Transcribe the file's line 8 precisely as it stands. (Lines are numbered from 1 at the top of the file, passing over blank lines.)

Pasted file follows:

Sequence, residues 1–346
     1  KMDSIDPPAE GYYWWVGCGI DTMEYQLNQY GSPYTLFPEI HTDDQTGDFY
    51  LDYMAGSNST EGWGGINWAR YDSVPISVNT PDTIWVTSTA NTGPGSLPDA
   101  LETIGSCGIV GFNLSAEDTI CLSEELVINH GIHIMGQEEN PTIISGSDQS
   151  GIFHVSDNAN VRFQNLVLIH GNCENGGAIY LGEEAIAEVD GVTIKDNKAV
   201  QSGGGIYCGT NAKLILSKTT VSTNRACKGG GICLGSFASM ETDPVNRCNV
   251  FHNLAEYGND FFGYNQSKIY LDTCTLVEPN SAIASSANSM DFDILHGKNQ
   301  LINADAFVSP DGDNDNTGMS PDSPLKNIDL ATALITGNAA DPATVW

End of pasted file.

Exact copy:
   301  LINADAFVSP DGDNDNTGMS PDSPLKNIDL ATALITGNAA DPATVW